Weber, who has served JMU faithfully for 12 years, concedes he hasn't always been active. "My first five years out, I never came back," he confesses. When he did, however, he felt a renewed connection to the university. "You need a little excuse to get active. I think if you get people involved early, they will stay active longer," he says. Weber and his wife, Susan, will be adopting a Russian child this year.

Ex Libris
Books by JMU alumni

Brief Landing on the Earth's Surface
University of Wisconsin Press, 1996
ISBN 0299152049

Juanita Brunk ('79/M.F.A.), former poet-in-residence at the University of Wisconsin. Her poems have appeared in Southern Poetry Review, Poet Lore, Cimmaron Review, Passages North and The American Poetry Review.

The most ordinary moments are infused with an awareness of the lost past and a kind of prescience of the future. From one setting to another - these poems give voice to the human longing for permanence, home and connection. Winner of the Brittingham Prize in Poetry.

Femalines: Phases of Female Feline Phenomena
Torrance Press, 1994
ISBN 0929523113

Nancy Worthington ('69/M.F.A.), sculptor and artist. Her works have been selected for exhibitions in France, Germany, Denmark, Brazil and the United States.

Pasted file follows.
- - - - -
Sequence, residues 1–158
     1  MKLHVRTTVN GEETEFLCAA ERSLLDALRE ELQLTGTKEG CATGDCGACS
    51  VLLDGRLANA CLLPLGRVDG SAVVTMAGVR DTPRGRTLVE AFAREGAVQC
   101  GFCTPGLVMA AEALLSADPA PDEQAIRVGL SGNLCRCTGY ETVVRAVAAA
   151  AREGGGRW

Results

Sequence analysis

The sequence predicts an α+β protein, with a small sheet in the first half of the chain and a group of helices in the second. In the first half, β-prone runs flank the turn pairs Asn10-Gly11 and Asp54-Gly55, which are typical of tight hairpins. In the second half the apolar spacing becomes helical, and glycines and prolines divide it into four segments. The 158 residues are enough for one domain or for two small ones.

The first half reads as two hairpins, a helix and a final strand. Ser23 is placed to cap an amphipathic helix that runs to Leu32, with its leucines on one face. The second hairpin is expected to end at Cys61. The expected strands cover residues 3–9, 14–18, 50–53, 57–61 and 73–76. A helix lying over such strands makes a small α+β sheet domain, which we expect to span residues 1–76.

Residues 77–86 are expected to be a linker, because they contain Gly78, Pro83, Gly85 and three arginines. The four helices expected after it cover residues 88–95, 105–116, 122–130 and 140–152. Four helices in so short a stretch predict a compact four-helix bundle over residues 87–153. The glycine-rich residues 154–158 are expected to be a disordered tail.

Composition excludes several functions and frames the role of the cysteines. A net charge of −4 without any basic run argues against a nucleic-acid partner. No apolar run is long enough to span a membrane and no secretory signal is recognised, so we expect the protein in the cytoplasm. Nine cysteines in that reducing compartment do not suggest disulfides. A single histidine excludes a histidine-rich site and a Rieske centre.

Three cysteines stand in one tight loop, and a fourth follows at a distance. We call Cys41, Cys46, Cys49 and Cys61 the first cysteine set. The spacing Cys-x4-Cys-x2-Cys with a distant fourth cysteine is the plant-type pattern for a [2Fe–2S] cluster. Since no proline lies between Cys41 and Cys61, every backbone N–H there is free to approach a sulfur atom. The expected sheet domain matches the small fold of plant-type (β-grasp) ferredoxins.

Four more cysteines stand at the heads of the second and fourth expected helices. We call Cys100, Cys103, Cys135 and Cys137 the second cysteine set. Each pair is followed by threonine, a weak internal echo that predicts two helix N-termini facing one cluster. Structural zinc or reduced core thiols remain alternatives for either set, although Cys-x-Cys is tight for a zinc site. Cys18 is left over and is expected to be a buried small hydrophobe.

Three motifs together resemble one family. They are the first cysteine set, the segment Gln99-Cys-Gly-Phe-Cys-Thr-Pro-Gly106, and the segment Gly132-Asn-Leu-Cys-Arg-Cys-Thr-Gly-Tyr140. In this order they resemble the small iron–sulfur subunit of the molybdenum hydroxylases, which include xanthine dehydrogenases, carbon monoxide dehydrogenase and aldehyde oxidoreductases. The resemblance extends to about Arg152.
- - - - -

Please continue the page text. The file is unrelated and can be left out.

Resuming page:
Femalines features prints of her 12 collages of women turning into cats and back again. Worthington contends that cats and women - in parallel climbs and falls - have been similarly revered and reviled throughout history. Her text draws on her research into mythology, paganism and Christianity.

Fun With Pup Activity Book
Pelican Publishing, 1996
ISBN 1565542304

John Rose ('86), syndicated cartoonist. His "Kids Home Newspaper" page, an activity page for children, is carried by 200-plus papers in North America. He also does political cartoons for Harrisonburg's Daily News-Record.

The book is a compilation of more than 250 of Rose's favorite pages of activities ranging from coloring and solving word puzzles and scrambles to secret codes and images all featuring Pup. The book is intended for children ages 5-12 needing some diversion on a rainy day or during a long car ride.

Turnaround

When David Grimm ('74) received Long John Silver's 1995 Franchisee of the Year award, it topped 21 years of success, including an impressive turnaround. As district manager Grimm took on a struggling Virginia Beach Long John Silver franchise for its new owner, LJS executive Ray Brewer. The restaurants had been neglected financially, and employee morale was at rock bottom.

David Grimm ('74)